Tim Minchin said he was dissapointed when he found out a song he wrote for the Jonathan Ross show had been cut by ITV.
“It’s not a particularly original idea, I admit, but it’s quite cute. It’s certainly not very contentious, but even so, compliance people and producers and lawyers all checked my lyrics long before the cameras rolled,” he said.
Mr Minchin said he liked Jonathan Ross as an interviewer and a person but was disappointed to find the song he worked hard to create, specifically for the show, had been cut out.
He said: “It’s 2011. The appropriate reaction to people who think Jesus is a supernatural being is mild embarrassment, sighing tolerance and patient education.
“And anger when they’re being bigots. Oh, and satire. There’s always satire.”
He was asked to write a song for the pre-Christmas special by Jonathan Ross. He decided to do a song about Jesus, a gentle song about Jesus, that compared him to Woody Allen (short, Jewish, philosophical, a bit hesitant).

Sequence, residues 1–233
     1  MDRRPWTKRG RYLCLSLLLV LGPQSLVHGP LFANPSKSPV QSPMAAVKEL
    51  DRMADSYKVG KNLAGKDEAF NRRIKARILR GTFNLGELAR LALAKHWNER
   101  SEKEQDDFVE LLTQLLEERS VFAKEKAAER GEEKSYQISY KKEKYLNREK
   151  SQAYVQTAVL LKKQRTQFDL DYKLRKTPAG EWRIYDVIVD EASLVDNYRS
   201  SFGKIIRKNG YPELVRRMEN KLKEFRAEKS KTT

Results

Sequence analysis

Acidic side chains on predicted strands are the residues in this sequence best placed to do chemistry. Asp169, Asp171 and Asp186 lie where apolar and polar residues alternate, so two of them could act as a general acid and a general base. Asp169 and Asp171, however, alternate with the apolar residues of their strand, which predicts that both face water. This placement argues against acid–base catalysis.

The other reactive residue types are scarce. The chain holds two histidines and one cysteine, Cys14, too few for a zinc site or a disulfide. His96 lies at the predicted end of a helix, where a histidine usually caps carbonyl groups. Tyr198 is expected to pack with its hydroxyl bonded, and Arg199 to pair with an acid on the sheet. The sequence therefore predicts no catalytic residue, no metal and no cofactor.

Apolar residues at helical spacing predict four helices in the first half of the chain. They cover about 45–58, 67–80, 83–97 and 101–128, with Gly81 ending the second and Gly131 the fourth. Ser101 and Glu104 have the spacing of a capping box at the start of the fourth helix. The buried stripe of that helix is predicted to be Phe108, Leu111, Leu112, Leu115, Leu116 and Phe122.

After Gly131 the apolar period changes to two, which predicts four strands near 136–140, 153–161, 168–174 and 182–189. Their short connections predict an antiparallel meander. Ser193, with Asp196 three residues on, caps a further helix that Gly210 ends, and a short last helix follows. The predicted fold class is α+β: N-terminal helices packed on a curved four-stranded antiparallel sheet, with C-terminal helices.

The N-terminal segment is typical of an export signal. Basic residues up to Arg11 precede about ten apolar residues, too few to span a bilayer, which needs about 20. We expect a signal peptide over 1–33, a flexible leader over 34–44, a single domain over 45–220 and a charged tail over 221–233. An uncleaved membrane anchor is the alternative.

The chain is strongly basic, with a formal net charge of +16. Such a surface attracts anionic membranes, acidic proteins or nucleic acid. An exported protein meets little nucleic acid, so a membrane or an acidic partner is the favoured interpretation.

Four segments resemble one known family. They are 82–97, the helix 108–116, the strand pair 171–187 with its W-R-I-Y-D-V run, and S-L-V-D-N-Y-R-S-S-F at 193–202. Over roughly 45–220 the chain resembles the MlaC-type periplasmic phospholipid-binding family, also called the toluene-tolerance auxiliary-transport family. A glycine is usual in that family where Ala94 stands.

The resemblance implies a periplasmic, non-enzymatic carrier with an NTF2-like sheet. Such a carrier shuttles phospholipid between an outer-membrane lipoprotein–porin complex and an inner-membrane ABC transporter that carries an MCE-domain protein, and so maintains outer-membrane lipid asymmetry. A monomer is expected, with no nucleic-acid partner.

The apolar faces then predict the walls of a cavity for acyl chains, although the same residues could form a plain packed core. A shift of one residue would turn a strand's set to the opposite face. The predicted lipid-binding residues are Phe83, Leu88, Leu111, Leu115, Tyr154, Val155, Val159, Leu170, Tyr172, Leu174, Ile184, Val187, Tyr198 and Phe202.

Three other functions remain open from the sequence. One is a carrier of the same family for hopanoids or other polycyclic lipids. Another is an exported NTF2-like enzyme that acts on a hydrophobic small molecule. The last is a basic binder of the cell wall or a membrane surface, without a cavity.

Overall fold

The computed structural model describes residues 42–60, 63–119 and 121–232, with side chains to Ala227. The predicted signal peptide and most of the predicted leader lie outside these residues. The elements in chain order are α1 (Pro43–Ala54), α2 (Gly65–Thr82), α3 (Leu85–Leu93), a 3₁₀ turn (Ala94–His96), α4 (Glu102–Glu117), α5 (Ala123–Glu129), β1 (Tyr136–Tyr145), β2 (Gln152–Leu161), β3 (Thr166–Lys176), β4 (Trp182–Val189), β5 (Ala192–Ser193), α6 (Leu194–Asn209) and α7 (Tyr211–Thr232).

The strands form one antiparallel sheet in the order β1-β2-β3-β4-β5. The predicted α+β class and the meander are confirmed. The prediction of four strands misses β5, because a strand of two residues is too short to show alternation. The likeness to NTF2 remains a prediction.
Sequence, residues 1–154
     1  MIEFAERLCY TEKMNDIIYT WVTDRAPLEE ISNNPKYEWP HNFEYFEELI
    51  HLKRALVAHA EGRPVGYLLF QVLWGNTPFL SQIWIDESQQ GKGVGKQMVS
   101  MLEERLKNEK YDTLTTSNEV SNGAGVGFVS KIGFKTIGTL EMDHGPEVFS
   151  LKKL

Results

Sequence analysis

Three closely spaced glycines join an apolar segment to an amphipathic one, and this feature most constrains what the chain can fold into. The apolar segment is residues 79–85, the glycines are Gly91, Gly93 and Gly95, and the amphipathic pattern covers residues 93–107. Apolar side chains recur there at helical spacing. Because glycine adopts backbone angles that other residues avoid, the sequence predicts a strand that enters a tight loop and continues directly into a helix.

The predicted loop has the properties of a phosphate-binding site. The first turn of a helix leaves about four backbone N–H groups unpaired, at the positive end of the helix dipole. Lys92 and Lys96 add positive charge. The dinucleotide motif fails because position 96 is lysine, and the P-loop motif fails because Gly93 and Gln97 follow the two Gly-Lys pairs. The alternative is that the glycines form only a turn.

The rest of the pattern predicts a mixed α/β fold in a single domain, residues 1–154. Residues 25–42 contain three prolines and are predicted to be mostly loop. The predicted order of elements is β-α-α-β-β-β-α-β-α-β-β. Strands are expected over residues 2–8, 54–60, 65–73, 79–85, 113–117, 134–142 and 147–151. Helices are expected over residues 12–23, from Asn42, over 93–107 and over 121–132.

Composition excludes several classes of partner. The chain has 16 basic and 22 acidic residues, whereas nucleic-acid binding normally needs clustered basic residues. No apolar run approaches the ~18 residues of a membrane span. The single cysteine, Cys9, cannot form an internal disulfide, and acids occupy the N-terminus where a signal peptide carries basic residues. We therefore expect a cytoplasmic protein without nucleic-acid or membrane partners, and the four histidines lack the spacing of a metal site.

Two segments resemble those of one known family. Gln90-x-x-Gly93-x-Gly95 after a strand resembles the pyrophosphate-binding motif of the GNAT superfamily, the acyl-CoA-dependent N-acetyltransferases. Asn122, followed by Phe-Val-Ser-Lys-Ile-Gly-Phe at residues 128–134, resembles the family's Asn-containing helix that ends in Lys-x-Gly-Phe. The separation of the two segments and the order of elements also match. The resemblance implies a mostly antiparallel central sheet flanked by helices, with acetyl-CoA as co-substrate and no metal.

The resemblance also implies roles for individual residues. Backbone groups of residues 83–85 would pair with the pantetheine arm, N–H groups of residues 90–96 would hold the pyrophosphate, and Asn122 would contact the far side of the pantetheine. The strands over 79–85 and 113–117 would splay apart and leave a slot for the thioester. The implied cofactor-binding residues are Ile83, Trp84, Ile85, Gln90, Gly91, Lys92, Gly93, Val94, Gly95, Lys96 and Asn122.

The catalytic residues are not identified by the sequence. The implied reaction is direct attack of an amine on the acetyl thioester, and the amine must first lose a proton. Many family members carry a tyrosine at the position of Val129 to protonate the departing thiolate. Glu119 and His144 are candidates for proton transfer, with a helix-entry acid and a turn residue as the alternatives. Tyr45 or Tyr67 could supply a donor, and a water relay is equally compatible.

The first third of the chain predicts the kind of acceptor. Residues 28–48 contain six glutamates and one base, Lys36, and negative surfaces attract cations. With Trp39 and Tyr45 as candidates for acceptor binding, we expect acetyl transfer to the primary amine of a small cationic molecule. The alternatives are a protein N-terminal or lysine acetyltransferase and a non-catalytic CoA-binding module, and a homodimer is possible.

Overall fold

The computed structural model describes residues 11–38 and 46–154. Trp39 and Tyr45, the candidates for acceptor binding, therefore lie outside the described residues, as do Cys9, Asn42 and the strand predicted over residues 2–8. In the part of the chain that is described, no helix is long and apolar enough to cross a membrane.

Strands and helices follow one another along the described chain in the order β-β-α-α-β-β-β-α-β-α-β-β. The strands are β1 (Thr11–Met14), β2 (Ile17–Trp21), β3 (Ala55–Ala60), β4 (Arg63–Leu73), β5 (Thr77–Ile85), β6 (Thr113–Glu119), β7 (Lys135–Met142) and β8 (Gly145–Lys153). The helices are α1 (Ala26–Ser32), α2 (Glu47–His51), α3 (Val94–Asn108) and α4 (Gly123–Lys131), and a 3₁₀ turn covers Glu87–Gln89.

He then used other cultural terms to also compare and sum up Jesus.
“Jesus was a great entertainer doing cool tricks all of the time, turning water into wine, making stormy weather fine. Even now his stunts confound us, kind of did what Derrin Brown does.”
The song was performed, it was approved by Jonathan Ross and his producer who felt it had a nice balance and was cheeky.
“And then someone got nervous and sent the tape to ITV’s director of television, Peter Fincham. And Peter Fincham demanded that I be cut from the show,” Mr Minchin said.
“He did this because he’s scared of the ranty, shit-stirring, right-wing press, and of the small minority of Brits who believe they have a right to go through life protected from anything that challenges them in any way. ”
Jonathan Ross said on Twitter: “Really gutted that the brilliant Tim Minchin song has been cut from my show. Decision was out of my hands.”
After the performance he said: “You’ve got some balls doing that in a Christmas show.”
An ITV spokesman said: “We often make changes to programmes before transmission and on this occasion we felt that the song didn’t quite work editorially.”